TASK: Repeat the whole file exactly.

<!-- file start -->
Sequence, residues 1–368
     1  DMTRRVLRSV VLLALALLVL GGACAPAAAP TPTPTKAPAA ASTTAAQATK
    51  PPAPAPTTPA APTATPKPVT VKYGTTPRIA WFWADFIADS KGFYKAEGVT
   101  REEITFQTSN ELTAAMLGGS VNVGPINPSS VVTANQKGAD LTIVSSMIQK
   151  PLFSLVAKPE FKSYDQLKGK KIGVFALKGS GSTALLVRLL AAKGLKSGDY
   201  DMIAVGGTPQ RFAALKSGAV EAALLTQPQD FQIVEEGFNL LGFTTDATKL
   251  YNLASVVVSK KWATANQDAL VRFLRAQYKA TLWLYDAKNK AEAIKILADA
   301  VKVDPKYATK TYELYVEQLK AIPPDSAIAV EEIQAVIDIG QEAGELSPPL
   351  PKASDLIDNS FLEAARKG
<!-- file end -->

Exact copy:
Sequence, residues 1–368
     1  DMTRRVLRSV VLLALALLVL GGACAPAAAP TPTPTKAPAA ASTTAAQATK
    51  PPAPAPTTPA APTATPKPVT VKYGTTPRIA WFWADFIADS KGFYKAEGVT
   101  REEITFQTSN ELTAAMLGGS VNVGPINPSS VVTANQKGAD LTIVSSMIQK
   151  PLFSLVAKPE FKSYDQLKGK KIGVFALKGS GSTALLVRLL AAKGLKSGDY
   201  DMIAVGGTPQ RFAALKSGAV EAALLTQPQD FQIVEEGFNL LGFTTDATKL
   251  YNLASVVVSK KWATANQDAL VRFLRAQYKA TLWLYDAKNK AEAIKILADA
   301  VKVDPKYATK TYELYVEQLK AIPPDSAIAV EEIQAVIDIG QEAGELSPPL
   351  PKASDLIDNS FLEAARKG